old enough to know how it works
(Half hour into the movie before I start typing. Not because I was paying attention exclusively to the movie either. Distracted by the internet. Welcome to the new world.)
Anyway, I wanted to put forth a very specific idea today: prior to the events we see in Home Alone, Kevin McCallister probably would not have recognized himself in the mirror. Or, more accurately, he would not have recognized his self. His two scenes in front of the bathroom mirror—that is like his version of Gallup’s (1970) Mirror Self Recognition test. The majority of infants (in the Western world) recognize themselves in the mirror by 24 months, and some do so as early as 3 months. Kevin is not his own person when the action begins in Home Alone. Instead, he sees himself as part of a family, a role he clearly wants to reject, but he just doesn’t know how, so he lashes out.
(Gallup’s test, by the way, involves putting a mark on an infant they can only see in a mirror, then placing him/her in front of a mirror to see if they a) recognize the reflection as an image of his/herself and b) attempt to get rid of the mark because he/she also recognizes that it does not belong. Many nonhuman species can pass the test.)
Home Alone is full of instances of Kevin McCallister venturing out into the world to interact with strangers, never entirely successfully—the most successful instance is when he goes shopping for groceries, but he only gets out of that by a) playacting as a pseudo-adult and b) lying to the cashier—or the world (i.e. the wet bandits) venturing into his world. Effectively, Home Alone consists of a series of instances in which Kevin interacts with the Other in the process of producing his self. His interaction with the pizza guy is as dishonest as his interaction with the cashier. His only truly honest interaction—before finally talking to Old Man Marley in the church—is when he tries to buy the toothbrush, but that interaction is cut short by the presence, and fear, of the old man, a fear based on lies.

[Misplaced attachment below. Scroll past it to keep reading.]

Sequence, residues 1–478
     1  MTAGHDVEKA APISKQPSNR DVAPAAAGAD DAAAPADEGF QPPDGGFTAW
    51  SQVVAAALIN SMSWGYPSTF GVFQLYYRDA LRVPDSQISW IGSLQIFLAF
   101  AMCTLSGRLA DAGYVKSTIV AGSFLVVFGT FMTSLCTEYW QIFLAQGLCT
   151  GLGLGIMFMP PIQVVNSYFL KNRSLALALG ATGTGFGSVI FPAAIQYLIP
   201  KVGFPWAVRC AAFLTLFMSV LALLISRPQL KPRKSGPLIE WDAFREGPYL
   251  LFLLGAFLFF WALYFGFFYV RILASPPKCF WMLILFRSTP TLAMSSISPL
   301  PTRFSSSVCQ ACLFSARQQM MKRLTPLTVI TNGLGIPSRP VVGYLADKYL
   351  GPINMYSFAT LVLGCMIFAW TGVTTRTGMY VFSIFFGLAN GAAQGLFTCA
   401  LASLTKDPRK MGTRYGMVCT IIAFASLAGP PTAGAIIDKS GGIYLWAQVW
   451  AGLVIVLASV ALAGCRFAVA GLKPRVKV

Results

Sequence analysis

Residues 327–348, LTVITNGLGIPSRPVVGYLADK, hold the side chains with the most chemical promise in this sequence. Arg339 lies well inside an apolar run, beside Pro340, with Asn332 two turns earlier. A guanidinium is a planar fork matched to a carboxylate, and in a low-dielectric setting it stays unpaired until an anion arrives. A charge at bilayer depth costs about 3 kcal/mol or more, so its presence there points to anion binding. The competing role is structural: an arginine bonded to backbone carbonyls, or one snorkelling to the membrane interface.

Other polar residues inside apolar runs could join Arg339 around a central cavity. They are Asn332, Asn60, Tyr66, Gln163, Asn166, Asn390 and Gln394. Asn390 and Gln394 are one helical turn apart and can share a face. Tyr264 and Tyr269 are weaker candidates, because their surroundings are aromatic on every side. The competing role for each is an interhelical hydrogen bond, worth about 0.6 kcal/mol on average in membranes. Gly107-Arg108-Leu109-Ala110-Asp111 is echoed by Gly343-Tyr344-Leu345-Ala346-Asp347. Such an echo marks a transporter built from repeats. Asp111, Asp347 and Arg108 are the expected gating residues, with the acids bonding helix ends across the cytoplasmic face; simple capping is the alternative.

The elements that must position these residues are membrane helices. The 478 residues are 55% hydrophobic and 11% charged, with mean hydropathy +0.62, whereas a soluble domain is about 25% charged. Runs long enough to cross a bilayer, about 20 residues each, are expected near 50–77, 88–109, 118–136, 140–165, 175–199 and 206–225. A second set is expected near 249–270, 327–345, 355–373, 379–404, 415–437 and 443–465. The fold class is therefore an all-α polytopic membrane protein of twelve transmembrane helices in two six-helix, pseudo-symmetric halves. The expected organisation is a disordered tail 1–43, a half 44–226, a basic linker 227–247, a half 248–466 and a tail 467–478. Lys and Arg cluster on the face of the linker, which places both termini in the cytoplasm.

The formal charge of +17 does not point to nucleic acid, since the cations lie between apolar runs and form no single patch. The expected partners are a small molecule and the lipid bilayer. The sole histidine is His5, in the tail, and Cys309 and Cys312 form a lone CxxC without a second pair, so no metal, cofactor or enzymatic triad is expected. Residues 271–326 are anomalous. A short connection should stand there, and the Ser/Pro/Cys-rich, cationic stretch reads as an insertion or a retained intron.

(I have decided that the guy in the santa suit here is actually the same guy who visits Punxsutawney a few years later. No reason. It just makes life more fun.)
Freud might have fun with this movie, the boy venturing out on his own (ego), met with violence (id), as his mother tries to get to him. What’s the opposite of an oedipal complex? The motherly instinct, I guess.
(Repeated viewing is bad for this movie. Macauley Culkin is really not much of an actor. He expresses enjoyment ok, I suppose, but his silly scream gets old pretty quick and he simply cannot emote negative feelings. We see him watch a family gathering for Christmas Eve and it’s like the director knew he couldn’t express the loneliness we’re supposed to believe the character is feeling, because we get a long shot and then him just staring once the camera is closer. Then, he looks down—as in he tilts his head down like some Charlie Brown sad sack music should be playing. The movie relies on the audience thinking he’s cute, I guess, a little precocious in his dialogue—seriously, when he helps Old Man Marley with his problem, he demonstrates insight that we have no prior reason to believe he would be capable of. Speaking of that scene, there is also no reason for Kevin to talk to the old man at all. The old man speaks to him and what? That just means he isn’t a mass murderer? Is Kevin so much of an idiot that he would think a killer would be incapable of talking? It’s hard to gauge why Kevin actually talks to him because, again, Culkin does not emote well at all.)
That is all for today. Tomorrow, Kozlovic (probably)... if you know what that means, good for you.